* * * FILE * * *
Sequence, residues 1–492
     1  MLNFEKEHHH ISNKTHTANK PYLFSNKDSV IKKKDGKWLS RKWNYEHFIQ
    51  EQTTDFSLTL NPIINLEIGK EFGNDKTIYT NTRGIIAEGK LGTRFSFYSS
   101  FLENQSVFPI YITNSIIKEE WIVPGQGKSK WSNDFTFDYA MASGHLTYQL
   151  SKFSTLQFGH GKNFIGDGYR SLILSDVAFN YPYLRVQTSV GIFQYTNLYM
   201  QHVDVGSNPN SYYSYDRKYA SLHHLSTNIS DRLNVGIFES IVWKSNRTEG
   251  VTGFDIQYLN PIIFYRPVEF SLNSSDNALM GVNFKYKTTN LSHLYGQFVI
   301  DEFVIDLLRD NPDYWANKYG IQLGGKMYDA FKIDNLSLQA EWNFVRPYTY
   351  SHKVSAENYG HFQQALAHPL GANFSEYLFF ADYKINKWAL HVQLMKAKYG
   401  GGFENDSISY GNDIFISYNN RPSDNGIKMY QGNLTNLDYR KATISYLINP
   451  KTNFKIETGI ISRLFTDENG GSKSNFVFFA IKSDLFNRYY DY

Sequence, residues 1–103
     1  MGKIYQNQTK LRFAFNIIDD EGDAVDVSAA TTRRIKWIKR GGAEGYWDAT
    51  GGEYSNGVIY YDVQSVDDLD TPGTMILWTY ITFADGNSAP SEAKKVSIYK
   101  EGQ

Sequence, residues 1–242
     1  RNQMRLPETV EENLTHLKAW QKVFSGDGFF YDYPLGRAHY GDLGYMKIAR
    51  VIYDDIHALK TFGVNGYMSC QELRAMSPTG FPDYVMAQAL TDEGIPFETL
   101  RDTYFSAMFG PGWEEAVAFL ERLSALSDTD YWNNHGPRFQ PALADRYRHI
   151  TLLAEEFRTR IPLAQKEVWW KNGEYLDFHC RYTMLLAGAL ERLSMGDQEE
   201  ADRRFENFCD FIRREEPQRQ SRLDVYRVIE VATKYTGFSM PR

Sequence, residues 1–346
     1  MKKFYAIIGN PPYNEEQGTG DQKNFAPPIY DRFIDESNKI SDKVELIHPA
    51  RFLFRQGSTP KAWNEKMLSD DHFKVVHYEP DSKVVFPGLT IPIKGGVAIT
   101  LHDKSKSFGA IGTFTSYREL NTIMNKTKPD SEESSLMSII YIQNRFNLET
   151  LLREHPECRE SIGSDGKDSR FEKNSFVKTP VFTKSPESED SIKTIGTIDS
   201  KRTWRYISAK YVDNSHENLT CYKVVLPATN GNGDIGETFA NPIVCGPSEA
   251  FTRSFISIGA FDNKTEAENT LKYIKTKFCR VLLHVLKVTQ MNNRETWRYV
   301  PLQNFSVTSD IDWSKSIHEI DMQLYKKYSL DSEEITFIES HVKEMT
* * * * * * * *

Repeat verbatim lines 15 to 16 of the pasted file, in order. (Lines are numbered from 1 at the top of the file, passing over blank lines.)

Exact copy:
   101  EGQ

Sequence, residues 1–242